The other cultural problem that we need to face is the way we treat errors. This is not unique to EMS and is true throughout the practice of medicine. I think that we all tire of the analogies to the airline industry, but the success of their cultural change around safety has been remarkable. In my own department, if we avoid serious mistakes 99.99% of the time, then we will still commit 36/year...a number that most critics would argue is far too high. But, can anyone really expect even that level of performance from human beings? We need to get out of the cycle of our name, blame, and train approach to performance improvement. No system punishes its way to greatness. In fact, only a poorly designed system would ever allow a single, unchecked mistake by a provider to lead to a patient catastrophe. Our culture of punishing for mistakes only leads to their concealment for fear of reprisal, and so our system remains stagnant rather than getting safer. We set such unrealistically high expectations for our folks, that the guilt of a mistake reaps a terrible toll on our folks, and they practice in fear. In the words of Jeff Skiles, the lesser known co-pilot of the USAir plane that landed in the Hudson River, "It is vastly more important to identify the hazards and threats to safety than to identify and punish an individual for a mistake."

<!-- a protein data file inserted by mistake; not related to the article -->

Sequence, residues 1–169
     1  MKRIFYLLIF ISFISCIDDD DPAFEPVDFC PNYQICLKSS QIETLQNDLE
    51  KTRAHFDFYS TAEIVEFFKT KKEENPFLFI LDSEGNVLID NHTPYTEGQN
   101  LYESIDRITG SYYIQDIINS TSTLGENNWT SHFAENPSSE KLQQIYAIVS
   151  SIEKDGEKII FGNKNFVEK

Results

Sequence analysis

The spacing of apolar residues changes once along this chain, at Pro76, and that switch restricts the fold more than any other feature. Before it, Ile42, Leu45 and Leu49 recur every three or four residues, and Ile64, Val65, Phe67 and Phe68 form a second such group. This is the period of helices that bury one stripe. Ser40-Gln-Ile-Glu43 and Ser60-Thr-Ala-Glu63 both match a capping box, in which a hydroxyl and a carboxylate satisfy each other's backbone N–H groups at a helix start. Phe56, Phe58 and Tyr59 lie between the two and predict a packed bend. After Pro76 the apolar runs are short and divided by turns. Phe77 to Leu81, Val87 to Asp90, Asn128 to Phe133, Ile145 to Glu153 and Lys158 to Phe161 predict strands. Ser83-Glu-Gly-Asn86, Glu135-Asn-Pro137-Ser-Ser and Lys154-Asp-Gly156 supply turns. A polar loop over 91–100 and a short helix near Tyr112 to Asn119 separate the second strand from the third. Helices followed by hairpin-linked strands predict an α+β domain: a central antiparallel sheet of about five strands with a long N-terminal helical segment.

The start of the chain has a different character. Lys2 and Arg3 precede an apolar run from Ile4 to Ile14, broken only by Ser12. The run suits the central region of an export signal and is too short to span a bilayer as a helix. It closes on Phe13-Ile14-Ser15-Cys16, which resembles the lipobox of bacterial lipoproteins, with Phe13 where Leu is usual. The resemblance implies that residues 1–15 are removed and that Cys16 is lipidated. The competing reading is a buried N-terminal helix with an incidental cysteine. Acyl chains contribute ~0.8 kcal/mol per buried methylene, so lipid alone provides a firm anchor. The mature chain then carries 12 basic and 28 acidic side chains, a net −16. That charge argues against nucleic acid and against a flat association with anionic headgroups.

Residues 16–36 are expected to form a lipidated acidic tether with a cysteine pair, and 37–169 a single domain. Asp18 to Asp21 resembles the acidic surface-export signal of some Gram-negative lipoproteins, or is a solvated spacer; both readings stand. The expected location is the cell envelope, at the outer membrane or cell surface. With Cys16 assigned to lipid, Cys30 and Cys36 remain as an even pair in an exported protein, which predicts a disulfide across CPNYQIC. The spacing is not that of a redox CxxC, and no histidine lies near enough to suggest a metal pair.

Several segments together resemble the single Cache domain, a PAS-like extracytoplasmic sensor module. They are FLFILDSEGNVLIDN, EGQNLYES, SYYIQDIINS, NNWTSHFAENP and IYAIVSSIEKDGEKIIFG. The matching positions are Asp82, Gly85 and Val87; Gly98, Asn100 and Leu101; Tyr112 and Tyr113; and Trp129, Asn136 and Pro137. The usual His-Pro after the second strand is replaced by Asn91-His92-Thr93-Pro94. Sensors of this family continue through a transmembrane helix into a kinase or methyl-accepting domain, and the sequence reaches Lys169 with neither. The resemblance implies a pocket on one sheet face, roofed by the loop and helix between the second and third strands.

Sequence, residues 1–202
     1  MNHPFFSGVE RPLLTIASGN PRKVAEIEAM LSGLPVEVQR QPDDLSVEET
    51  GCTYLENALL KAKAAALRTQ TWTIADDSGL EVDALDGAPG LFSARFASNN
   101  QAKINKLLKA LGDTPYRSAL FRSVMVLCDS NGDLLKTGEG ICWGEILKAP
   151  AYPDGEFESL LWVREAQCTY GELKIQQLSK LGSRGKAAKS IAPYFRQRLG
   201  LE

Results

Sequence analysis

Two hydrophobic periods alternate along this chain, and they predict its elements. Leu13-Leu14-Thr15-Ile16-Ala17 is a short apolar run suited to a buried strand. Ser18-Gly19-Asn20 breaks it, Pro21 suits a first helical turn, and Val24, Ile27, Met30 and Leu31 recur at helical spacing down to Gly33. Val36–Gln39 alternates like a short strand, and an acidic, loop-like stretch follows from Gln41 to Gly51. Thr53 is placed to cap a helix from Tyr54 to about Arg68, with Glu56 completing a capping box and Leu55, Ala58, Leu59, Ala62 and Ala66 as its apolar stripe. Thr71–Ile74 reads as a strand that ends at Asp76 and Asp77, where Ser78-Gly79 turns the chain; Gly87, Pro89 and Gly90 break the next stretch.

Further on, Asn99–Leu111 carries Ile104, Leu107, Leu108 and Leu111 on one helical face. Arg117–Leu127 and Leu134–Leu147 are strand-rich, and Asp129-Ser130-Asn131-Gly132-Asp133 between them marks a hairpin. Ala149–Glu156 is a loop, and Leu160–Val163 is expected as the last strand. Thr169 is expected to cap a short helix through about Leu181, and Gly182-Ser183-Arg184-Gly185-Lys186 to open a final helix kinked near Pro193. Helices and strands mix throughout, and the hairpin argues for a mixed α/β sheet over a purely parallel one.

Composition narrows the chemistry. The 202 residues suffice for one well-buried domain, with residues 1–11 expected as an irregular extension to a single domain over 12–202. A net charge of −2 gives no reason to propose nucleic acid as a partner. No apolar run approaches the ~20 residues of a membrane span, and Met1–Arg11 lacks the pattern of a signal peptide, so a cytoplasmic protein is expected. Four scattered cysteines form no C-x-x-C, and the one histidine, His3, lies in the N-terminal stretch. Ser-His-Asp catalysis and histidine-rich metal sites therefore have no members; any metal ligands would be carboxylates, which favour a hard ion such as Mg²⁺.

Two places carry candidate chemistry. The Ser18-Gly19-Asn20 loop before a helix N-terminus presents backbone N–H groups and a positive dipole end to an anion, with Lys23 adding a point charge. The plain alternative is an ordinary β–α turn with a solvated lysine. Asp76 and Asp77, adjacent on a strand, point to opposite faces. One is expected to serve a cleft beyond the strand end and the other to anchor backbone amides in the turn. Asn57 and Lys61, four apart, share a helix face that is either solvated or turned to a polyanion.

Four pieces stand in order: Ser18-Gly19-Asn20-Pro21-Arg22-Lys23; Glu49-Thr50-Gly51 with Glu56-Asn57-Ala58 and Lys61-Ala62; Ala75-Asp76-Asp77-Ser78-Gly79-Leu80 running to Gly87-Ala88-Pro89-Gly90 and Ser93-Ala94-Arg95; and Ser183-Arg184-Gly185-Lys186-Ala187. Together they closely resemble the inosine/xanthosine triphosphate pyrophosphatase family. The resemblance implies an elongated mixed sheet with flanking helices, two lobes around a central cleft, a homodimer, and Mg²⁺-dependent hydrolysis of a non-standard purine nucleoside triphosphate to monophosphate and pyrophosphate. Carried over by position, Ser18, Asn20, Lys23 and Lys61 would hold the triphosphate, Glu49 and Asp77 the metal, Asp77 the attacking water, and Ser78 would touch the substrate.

So, what are the answers? We need to educate ourselves and our folks about the warning signs of our brothers and sisters in crisis. We have to educate them early in their careers and renew it often, and we need to maintain a culture that encourages members in crisis to step forward. We must build layers into our systems to protect both our patients and our caregivers, because no individual error should ever lead to catastrophe. That way, the crews on the front lines can step forward and help us build a safer system rather than practicing in fear of making a catastrophic mistake. Lastly, let's mobilize behind the critical work of organizations like the Code Green Campaign, FireStrong, etc. and make sure that our folks all know that they are out there.
We must all remember that we are all vulnerable to mental illness. The burden of our deceased brethren was not unique to them. Sometimes it just takes one bad experience to put us over the edge. It happens to folks in the beginning, middle, and end of their careers, and it can progress rapidly. There are often warning signs, and there may be an opportunity to intervene and get them the help they need. What sets them apart is not their circumstance, it's that we did not recognize their crisis and respond to them in time. Suicidal ideation is a treatable illness, and suicide is preventable.
Please check out these excellent and important organizations: